You have to love driving randomly through a town and several windmills are spotted. Some of the store fronts have a Dutch look about them. Near the east end of Front Street and the business district is a museum. You would enjoy a great unplanned visit to the Lynden Pioneer Museum.
Lynden is a small town, population 13,952 in 2016. It is in northwest Washington and a few miles south of the U.S.-Canada border. Lunch at the Dutch Mothers Restaurant serves authentic Dutch food such as pannekoek (pancakes), Dutch split pea soup and Dutch apple pie.
The town’s claim to fame includes one of the rare times in the world where the entrance to town is between two cemeteries. Lynden at one time held the world record for the most churches per mile and capita.
Lynden also is known for a tunnel dug under the border by drug smugglers. It is the only tunnel known to exist along the entire U.S.-Canada border. The region’s economy is based on dairy, raspberry, strawberry and blueberry farms.
Dairies formed a cooperative in 1904 with Darigold Corp., now with corporate offices in Seattle. The Northwest Washington Fair attracts more than 200,000 visitors. These distinctions provide an inkling for what to expect with a local museum visit. Still, you will be surprised.
The outside face of the museum looks like the building is not large inside. However, its original use was the sale and service of farm equipment including tractors and harvesters. It also had a blacksmith shop.
The 28,000-square-foot museum has three levels and a full basement and covers half a city block. The main floor includes a large center area open to the rafters with two floors rising around three sides of the center expanse.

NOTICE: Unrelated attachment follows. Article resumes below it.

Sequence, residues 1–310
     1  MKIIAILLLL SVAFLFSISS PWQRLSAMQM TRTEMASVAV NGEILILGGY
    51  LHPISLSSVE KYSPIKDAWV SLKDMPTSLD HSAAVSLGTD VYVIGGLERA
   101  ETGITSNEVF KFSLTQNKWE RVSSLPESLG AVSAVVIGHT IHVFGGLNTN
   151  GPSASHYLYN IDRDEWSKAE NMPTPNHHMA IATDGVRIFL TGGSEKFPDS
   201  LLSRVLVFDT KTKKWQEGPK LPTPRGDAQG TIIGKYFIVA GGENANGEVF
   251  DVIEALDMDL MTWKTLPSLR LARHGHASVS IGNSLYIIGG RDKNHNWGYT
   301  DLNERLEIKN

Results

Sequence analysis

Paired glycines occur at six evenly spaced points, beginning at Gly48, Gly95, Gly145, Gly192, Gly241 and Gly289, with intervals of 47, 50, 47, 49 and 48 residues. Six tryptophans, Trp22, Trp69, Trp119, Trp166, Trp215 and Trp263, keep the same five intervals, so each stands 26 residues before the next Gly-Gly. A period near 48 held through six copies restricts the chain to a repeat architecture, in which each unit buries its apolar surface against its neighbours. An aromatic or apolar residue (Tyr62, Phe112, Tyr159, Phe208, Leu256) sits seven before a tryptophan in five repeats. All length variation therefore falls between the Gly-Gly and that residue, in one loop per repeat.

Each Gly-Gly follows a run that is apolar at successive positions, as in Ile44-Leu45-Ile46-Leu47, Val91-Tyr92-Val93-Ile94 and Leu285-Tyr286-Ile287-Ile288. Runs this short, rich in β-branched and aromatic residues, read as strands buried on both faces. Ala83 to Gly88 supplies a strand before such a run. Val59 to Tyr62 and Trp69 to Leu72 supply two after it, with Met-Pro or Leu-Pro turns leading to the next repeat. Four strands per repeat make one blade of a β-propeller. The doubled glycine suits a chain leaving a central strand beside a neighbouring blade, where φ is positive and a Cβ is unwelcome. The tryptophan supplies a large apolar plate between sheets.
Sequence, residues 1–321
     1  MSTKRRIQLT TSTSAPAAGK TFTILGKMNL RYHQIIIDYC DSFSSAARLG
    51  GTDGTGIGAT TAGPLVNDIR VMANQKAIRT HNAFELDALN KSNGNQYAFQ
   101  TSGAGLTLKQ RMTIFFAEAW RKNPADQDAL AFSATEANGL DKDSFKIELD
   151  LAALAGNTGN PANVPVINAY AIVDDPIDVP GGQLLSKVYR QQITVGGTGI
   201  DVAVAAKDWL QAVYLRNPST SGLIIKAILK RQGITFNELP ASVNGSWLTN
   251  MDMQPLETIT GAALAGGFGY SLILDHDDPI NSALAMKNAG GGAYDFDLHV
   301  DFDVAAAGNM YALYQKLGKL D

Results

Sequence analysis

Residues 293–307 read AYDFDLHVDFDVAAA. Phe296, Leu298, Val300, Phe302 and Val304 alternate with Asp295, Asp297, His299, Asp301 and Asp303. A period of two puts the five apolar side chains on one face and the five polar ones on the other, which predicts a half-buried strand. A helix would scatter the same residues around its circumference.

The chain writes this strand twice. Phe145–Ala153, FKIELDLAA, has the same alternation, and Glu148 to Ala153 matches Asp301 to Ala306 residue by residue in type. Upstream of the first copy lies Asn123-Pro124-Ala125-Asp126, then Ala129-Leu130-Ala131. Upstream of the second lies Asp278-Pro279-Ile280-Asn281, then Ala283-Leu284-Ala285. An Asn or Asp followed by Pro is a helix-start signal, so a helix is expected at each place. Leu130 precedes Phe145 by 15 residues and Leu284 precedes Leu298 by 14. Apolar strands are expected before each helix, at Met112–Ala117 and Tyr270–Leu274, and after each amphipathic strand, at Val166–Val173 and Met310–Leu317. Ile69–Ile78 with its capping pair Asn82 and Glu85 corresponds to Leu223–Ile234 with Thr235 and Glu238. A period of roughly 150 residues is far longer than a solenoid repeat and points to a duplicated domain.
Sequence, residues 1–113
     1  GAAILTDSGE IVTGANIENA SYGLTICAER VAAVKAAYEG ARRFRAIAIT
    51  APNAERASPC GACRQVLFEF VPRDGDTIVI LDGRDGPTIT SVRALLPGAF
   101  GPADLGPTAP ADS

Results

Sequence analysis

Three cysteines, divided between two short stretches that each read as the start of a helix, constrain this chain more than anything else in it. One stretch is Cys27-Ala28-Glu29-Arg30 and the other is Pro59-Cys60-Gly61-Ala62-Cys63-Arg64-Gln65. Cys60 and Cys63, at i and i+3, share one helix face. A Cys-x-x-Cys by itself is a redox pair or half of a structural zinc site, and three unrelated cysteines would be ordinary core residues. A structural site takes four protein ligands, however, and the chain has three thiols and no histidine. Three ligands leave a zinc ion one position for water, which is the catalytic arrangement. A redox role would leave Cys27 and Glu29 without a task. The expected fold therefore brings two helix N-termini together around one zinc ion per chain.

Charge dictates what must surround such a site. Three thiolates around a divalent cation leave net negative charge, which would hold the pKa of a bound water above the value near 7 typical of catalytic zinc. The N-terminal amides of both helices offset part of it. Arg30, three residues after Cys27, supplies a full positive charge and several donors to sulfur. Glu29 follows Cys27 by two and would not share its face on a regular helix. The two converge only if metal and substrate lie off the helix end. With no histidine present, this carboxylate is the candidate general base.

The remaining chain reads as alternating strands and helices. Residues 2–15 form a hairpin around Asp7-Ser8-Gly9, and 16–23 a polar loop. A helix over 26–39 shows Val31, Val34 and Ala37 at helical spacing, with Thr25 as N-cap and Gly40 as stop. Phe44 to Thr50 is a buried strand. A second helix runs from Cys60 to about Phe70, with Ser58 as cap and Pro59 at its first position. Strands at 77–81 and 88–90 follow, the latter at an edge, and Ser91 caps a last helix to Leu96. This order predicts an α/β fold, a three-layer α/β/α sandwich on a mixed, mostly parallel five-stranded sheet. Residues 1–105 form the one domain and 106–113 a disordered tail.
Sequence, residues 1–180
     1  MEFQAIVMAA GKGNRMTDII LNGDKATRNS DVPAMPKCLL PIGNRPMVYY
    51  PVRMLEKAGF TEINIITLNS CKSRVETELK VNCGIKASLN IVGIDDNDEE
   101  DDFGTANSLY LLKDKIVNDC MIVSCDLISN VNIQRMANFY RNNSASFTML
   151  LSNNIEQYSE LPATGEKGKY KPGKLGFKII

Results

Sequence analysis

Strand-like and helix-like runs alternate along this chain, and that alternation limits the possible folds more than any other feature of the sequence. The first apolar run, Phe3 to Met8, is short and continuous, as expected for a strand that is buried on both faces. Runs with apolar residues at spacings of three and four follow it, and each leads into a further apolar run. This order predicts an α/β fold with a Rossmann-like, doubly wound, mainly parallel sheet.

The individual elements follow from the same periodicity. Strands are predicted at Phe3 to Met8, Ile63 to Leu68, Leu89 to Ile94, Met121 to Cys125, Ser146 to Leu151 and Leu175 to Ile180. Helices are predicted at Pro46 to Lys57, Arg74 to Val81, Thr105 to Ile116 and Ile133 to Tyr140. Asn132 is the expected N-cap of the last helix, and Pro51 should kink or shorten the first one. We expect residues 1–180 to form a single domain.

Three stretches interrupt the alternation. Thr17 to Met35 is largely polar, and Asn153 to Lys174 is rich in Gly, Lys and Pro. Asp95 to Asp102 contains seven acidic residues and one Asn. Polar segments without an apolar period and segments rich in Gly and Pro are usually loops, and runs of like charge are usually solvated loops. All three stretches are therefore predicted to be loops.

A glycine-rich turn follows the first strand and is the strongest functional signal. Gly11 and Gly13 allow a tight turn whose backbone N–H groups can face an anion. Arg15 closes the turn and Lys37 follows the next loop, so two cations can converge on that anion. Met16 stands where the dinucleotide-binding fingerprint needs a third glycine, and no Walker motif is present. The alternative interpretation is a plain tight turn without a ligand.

The space has been designed to be what the main street of Lynden looked like at the turn of the 19th century. There are 22 store fronts on both sides of the street with merchandise and historical items inside. Retailers include a general store, pharmacy, soda shop and millinery.
There is an exhibit of dairy implements, of course, including several glass bottles used to deliver milk to homes. Before pasteurization and homogenization, the cream would separate and rise to the top of the bottles when retrieved on the doorstep in the morning.
There is a life-size farmstead with a barnyard depicting the late 1800s. Downstairs, which was the location where tractors and harvesters were serviced, there is still a large, sliding barn-type door to allow clearance for the farm implements to enter.
The doors are convenient because the basement exhibits 54 carriages, buggies, sulkies and wagons. This is one of the largest collections of horse-drawn vehicles west of the Mississippi. There also are four tractors, one threshing machine and eight antique cars on display.
The upper floors include toys, model trains and various Americana items. There are dentist and doctor offices, a saloon and a church, among other exhibits. Look for a 150-year-old pickle! There are 37,000 objects on display. I suggest setting aside two hours for a visit to the museum.
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